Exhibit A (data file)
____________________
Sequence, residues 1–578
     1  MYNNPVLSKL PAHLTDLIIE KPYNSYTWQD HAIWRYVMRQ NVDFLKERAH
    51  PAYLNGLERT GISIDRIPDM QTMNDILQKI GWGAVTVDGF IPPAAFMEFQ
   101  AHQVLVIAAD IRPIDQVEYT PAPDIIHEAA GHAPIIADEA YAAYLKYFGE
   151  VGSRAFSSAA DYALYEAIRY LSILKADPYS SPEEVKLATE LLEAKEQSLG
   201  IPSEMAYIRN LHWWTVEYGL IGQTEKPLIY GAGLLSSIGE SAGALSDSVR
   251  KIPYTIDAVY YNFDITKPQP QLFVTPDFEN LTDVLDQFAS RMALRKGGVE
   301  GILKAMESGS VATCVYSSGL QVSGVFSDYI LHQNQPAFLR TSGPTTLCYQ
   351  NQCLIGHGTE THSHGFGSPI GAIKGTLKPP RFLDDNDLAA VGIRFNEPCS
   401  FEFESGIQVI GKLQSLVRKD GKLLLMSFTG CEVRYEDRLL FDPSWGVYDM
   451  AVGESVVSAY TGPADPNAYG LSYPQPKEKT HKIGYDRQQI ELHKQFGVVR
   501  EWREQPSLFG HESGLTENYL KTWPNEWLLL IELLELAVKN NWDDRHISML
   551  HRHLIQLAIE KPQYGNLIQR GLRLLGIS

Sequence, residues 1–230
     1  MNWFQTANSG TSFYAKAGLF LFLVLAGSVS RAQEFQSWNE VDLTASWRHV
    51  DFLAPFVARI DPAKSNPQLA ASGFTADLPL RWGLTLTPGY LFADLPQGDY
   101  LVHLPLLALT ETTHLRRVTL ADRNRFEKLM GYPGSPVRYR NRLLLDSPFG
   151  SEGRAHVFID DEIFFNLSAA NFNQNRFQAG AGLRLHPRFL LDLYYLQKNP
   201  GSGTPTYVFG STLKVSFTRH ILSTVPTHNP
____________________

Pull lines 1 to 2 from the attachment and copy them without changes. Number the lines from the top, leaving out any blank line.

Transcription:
Sequence, residues 1–578
     1  MYNNPVLSKL PAHLTDLIIE KPYNSYTWQD HAIWRYVMRQ NVDFLKERAH